For the sake of simplicity, information may be regarded as documents, images, sound, videos, and spreadsheets (Floridi, 2009).
The sheer volume of information generated on the World Wide Web, accessed via the internet, is colossal. Humanity had accumulated some 12 exabytes of data before the advent of personal computers (Floridi, 2009). In 2002 alone, 5 exabytes of new information was created (Floridi, 2009). This exponential growth of information, worldwide, is expected to increase to a total amount of 44 zettabytes by 2020 (Koso, 2016).
The issue is: how to manage; store; identify; optimise and share such voluminous amounts of information? One possibility is to have a biological and technological ‘marriage’ (Floridi, 2009), whereby librarians utilise technology to tag categories of information. This symbiotic relationship would enable the flow of unstructured data into an institution to become more accessible (Brown & Duguid, 2002). There is also significant investment in Artificial Intelligence (A.I.). Behavioural algorithms can be used to predictively learn as to what information is most relevant to each individual, saving enormous time in futile searches.
The centralization of controlling information is in schools is deemed necessary to protect data from being mined. The apprehension is that the information may be used to the detriment of the organisation by an employee. Thus, rigid barriers/obstacles are created to protect what is deemed to be ‘sacred’ information (Brown & Duguid, 2002). Vigilant tracking (Brown & Duguid, 2002) is initiated to prevent unauthorized access to certain ‘private’ information. Such a process may adversely affect a school as it prevents real collaboration amongst employees. On an emotional level, teachers who are denied access to certain information could feel ostracised and devalued. There are teachers who hold the position that the democratisation of information would be empowering.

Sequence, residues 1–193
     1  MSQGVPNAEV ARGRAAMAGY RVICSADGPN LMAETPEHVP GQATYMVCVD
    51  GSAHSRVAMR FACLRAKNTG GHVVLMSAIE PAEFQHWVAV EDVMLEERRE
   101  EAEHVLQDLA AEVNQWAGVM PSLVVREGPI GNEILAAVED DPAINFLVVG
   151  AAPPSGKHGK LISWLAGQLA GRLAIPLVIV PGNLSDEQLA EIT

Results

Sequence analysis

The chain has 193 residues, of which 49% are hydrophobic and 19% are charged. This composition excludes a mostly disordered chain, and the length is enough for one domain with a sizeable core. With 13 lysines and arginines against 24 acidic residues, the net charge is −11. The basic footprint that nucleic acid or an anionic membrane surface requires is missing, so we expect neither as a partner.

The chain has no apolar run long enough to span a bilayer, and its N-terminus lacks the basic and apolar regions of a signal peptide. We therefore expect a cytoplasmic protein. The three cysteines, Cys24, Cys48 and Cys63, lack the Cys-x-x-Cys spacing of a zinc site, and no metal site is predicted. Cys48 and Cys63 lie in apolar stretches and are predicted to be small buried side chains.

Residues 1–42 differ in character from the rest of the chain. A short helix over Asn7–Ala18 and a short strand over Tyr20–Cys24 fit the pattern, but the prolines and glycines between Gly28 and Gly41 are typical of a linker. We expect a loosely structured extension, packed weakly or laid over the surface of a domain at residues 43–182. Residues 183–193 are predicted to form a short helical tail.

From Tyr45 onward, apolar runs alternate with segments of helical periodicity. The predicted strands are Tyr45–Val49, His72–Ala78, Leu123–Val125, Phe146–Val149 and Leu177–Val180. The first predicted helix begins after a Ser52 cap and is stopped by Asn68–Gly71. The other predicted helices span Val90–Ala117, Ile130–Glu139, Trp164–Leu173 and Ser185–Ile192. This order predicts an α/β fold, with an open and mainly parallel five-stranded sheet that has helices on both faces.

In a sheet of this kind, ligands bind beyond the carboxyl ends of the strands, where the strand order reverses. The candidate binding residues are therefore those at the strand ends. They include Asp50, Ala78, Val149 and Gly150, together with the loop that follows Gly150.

It may be that management simply does not want to dilute their authority or share power. Brown and Duguid (2002) argue that such an attitudinal mindset “… is ultimately a sort of social and moral blindness.”
A remedy to the above is not simple as it involves a paradigm shift in managers who have been inculcated with the predominant traditional business model of line management.
As the number of computers increase year by year, there is an ethical consideration concerning their effect on the environment. Steadily, computers are consuming more and more electricity (Floridi, 2009). It is estimated that carbon emissions from computers alone will add 670,000,000 tonnes to our atmosphere by 2020 (Floridi, 2009).
A remedy may be found in alternate forms of energy generation; such as solar power, wind power, geothermal power and so on.